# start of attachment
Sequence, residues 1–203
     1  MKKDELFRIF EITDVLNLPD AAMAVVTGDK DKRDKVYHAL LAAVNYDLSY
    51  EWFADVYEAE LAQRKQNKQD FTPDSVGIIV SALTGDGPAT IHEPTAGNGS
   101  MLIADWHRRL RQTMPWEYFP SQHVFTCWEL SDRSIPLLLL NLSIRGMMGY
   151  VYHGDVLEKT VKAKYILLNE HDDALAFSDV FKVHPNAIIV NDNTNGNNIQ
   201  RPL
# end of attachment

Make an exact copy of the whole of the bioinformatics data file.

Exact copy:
Sequence, residues 1–203
     1  MKKDELFRIF EITDVLNLPD AAMAVVTGDK DKRDKVYHAL LAAVNYDLSY
    51  EWFADVYEAE LAQRKQNKQD FTPDSVGIIV SALTGDGPAT IHEPTAGNGS
   101  MLIADWHRRL RQTMPWEYFP SQHVFTCWEL SDRSIPLLLL NLSIRGMMGY
   151  VYHGDVLEKT VKAKYILLNE HDDALAFSDV FKVHPNAIIV NDNTNGNNIQ
   201  RPL